Green architecture and the construction trendsby Charlene Boll on 06/04/08
Green Architecture is a concept of designing buildings in a manner that reduces the adverse effect of construction on the people and the environment. Green architecture includes conservation and efficient use of natural resources as also the use of indigenous and recycled material to optimizing the finances. It is literally an approach to get ‘Much More with Much Less’. The question that begs answering is: how do those old fashioned thatched roof houses remain cool in the summer? The answer lies in the advantageous use of local produce and the environment by the indigenous people in building those houses. Contemporary Green Architecture aims to identify those indigenous practices and use them to build modern homes. Optimal use of sunlight and natural wind flow pattern are an integral part of Green Architecture. The structural designs aim to incorporate appliances and electrical devices, which are energy efficient such as fluorescent lights and solar heaters. Structural designs incorporate concepts such as onsite energy generation of wind, biomass and water.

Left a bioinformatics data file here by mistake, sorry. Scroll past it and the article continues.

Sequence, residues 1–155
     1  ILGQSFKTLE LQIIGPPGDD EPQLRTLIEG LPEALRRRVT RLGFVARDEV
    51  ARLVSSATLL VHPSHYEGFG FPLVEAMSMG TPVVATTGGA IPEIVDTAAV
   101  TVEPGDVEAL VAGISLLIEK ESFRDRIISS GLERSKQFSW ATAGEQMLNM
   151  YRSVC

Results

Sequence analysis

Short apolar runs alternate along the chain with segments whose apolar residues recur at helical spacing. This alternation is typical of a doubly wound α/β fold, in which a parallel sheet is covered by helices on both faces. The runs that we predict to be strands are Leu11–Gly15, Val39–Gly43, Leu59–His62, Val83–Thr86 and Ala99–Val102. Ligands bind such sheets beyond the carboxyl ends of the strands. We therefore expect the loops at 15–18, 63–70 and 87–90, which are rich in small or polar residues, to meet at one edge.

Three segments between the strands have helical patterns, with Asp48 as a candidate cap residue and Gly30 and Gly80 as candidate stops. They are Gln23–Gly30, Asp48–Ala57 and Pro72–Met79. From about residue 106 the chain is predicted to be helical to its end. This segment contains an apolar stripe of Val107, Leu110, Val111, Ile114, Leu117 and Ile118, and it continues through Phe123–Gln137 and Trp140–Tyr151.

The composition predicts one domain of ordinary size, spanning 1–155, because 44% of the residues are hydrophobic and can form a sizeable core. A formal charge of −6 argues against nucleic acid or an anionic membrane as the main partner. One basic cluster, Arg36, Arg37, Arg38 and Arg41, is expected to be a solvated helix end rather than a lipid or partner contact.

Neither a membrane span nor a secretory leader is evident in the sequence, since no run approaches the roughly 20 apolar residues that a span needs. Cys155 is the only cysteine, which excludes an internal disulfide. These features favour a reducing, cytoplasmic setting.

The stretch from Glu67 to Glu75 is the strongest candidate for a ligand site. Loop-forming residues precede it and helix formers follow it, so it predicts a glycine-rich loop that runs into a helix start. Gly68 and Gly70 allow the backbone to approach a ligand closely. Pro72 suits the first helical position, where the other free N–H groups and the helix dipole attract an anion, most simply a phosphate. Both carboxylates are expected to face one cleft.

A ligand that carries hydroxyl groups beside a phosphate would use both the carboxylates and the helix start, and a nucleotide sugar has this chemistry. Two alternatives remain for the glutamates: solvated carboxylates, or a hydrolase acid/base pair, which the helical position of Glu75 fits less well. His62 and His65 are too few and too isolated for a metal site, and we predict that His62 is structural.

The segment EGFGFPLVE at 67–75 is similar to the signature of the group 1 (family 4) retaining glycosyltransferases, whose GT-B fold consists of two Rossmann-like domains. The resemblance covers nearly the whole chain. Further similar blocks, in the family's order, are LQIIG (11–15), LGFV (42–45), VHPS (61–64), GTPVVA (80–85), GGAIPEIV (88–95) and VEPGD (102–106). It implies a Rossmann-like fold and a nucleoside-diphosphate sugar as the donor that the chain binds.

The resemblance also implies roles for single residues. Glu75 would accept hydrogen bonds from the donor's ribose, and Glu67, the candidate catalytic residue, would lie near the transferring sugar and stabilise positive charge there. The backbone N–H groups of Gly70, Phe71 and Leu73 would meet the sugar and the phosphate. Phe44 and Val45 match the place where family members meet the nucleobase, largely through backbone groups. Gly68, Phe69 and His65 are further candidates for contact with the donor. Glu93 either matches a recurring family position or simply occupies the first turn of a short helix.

A self-sustaining ecosystem, is the model, which a holistic Green Architectural design aims to replicate. An example of a self sustaining ecosystem could be waste water recycled for gardens as well as organic wastes generated converted into manure in onsite compost pits. Reduction in the use of synthetic materials is one of the initiatives of Green Architecture. Toxic fumes generated by aging synthetic paints are a health hazard. Formaldehyde, a component of some synthetic building insulation material is a carcinogen with known health side effects. Green Architecture reduces the use of such material so as to create healthier environment. All this requires concerted effort and planned initiatives at national or international levels.
A US effort in setting standards for design and construction practices which have least negative impact on environment and people is exemplified by the Leadership in Energy and Environment Design (LEED). As per the LEED standard factors such as sustainable sites, water efficiency, energy and atmosphere, material and resources and indoor environmental quality are given different weighted points. Based on the weights, certification points are calculated which are graded as Certified, Silver, Gold and Platinum. The highest certification level offered by LEED is Platinum. The US LEED standards are being used by Canada, India and Israel for some of their Green Architecture projects. Other countries use their own standards for Green Architecture. These include Australia, France, Germany, Japan , Malaysia, Mexico, New Zealand and UK to name a few.
The serious environmental conditions facing the world requires a sustained effort by the building industry to make a difference. That difference can be made by adopting Green Architecture as the standard for the future of construction.